As an antidote to Bolshevism, the Labour Party in 1918 adopted “Clause IV”, a nominal commitment to “common ownership of the means of production”. This was a cynical ploy to dupe the working class into believing that “socialism” could be achieved “democratically”, through parliament, without smashing the capitalist state and without establishing the dictatorship of the proletariat. Labour’s pretence to “socialism” rested upon a nominal commitment to nationalising industry through legislation in parliament.
Clause IV was abolished from the Labour Party’s constitution by Tony Blair in 1994 but it remains the cornerstone of the programme of Peter Taaffe’s Socialist Party. Marking the 90th anniversary of Clause IV’s adoption, the Taaffeites noted that since the “socialist” Clause IV was adopted, it “has been denounced by ultra-lefts as being a fig-leaf disguising the capitalist character of the Labour Party”, and that “it is the job of the Socialist Party and the Campaign for a New Workers’ Party that it has initiated, to help mobilise the level of support that the celebrated Clause attracted in 1918” (“1918: 2008, Clause IV and nine decades of workers struggles”, Socialist Party website, 20 February).
Taaffe revises Marxism on the state
Peter Taaffe’s ludicrous assertion that the “Chinese state itself is of a ‘mixed character’ ”, which occupies a “halfway house position” (“Has capitalism been fully restored?” socialistworld.net, 22 March 2007), is a flagrant denial of the Marxist understanding that the state is an instrument for the suppression of one class by another. Taaffe claims that the state in China “can, under certain conditions — for instance, where there is a class deadlock — play a relatively ‘independent’ role”. This utterly social-democratic view of the state in China as a neutral force is very much in keeping with the CWI’s programme for Britain and other capitalist countries, which is based on peddling illusions that “socialism” can be achieved through legislation in parliament, ie without smashing the bourgeois state. As the Socialist Party’s election manifesto for 2007 put it: “Take into public ownership the top 150 companies, banks and building societies that dominate the economy, under democratic working-class control and management.”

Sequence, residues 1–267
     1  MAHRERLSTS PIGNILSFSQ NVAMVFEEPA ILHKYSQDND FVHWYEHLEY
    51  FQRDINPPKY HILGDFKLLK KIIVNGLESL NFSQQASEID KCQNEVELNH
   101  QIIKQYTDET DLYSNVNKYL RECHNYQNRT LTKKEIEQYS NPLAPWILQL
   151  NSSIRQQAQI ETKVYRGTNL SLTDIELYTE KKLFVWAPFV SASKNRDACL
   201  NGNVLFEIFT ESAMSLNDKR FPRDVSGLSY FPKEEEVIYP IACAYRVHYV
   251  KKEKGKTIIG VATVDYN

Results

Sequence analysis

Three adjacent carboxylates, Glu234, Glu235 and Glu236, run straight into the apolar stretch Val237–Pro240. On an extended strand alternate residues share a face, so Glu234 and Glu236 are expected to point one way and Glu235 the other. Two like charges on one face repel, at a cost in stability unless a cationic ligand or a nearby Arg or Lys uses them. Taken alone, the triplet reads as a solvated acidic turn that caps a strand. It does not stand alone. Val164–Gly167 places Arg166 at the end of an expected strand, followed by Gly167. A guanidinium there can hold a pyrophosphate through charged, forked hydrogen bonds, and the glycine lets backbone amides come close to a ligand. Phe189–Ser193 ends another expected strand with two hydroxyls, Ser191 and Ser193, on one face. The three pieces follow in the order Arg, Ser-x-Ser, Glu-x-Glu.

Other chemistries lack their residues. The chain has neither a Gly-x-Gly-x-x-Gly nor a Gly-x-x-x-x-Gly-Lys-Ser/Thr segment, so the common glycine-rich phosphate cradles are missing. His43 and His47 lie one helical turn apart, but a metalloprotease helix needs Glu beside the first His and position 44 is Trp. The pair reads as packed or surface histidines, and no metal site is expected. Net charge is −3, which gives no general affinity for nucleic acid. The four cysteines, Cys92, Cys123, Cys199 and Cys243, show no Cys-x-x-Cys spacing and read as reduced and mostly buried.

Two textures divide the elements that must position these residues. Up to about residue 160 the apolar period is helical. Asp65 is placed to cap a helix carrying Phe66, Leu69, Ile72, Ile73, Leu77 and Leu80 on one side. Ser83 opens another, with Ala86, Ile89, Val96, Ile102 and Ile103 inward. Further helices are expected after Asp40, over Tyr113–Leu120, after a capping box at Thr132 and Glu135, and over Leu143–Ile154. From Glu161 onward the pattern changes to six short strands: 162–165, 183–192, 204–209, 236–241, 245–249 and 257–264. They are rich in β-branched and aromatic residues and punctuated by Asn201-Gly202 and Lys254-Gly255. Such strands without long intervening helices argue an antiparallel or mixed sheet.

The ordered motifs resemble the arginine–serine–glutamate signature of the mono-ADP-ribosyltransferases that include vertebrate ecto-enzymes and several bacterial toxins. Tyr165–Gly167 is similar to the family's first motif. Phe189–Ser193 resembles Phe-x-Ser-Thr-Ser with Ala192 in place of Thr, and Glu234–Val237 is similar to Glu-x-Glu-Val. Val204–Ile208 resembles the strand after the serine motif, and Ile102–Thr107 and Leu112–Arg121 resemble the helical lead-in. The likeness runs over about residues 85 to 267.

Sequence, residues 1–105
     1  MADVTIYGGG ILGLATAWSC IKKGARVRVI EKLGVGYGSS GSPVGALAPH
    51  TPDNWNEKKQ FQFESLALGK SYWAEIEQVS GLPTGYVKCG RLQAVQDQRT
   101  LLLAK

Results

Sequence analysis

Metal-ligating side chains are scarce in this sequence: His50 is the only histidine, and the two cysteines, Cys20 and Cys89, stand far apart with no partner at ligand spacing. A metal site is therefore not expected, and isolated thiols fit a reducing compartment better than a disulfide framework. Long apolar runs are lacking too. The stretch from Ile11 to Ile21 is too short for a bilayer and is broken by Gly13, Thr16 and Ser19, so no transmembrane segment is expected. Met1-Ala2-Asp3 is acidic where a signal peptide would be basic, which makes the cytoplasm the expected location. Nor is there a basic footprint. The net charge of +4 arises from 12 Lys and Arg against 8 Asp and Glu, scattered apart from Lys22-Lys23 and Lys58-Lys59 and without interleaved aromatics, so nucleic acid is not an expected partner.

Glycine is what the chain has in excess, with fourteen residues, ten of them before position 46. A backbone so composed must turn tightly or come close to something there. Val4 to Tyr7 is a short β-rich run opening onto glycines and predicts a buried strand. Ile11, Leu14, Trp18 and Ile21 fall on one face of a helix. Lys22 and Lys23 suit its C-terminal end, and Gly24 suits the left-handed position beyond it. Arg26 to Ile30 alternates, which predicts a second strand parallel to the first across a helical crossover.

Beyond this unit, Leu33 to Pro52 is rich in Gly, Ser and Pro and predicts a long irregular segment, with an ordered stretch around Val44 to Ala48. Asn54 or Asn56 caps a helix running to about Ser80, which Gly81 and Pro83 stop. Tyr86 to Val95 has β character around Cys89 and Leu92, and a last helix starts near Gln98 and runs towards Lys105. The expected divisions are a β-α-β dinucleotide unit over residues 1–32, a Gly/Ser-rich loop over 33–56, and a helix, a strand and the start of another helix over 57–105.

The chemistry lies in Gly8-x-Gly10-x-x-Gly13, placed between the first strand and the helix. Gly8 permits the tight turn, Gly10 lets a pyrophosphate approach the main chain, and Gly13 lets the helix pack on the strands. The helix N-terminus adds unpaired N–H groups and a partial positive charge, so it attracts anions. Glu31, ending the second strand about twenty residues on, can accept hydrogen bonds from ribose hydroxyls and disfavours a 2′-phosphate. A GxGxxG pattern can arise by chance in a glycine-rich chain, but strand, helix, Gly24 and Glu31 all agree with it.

While denying the need for the capitalist state to be smashed in Britain, his home terrain, Taaffe insists the Chinese state must be dismantled, saying: “The present ‘halfway house’ state combines some of the worst features of Stalinism and capitalism. It must be completely dismantled; it is incapable of ‘reform’ ”. This call to smash the Chinese state is a declaration that, when the fate of China as a workers state is decisively posed, the CWI will be on the side of forces for “democratic” counterrevolution. For Marxists it is axiomatic that the working class must establish its own state power in the course of a revolution to defend itself and its organs of power against the blood-soaked capitalist state.
Contrary to Taaffe, the Stalinist bureaucracy is not capable of bringing about a cold, step-by-step restoration of capitalism from above. The ruling Stalinist bureaucracy is a brittle, contradictory caste, not a class based on private ownership of the means of production. In 1936, in The Revolution Betrayed, Trotsky explained in regard to the Soviet degenerated workers state that “a further development of the accumulating contradictions can as well lead to socialism as back to capitalism; h) on the road to capitalism the counterrevolution would have to break the resistance of the workers; i) on the road to socialism the workers would have to overthrow the bureaucracy”.
The idea that a workers state can gradually evolve towards capitalism was refuted at the theoretical level by Trotsky as far back as 1933, when he condemned such notions of a gradual, imperceptible, bourgeois counterrevolution in the Soviet Union. In “The Class Nature of the Soviet State” he wrote: “The dictatorship of the proletariat was established by means of a political overturn and a civil war of three years. The class theory of society and historical experience equally testify to the impossibility of the victory of the proletariat through peaceful methods, that is, without grandiose class battles, weapons in hand. How, in that case, is the imperceptible, ‘gradual,’ bourgeois counterrevolution conceivable?” Trotsky’s conclusion certainly applies to the CWI’s approach to China today: “He who asserts that the Soviet government has been gradually changed from proletarian to bourgeois is only, so to speak, running backwards the film of reformism.”
The accumulating contradictions in China will lead sooner or later to the collapse of Stalinist bonapartism and the political shattering of the ruling Communist Party. But whether this is followed by a capitalist counterrevolution that breaks the resistance of the Chinese working class and destroys the workers state, or by a proletarian political revolution that overthrows the rule of the Stalinist bureaucracy, establishing the political rule of workers and peasants soviets in China and fighting to extend the Chinese Revolution internationally, will be decided in struggle.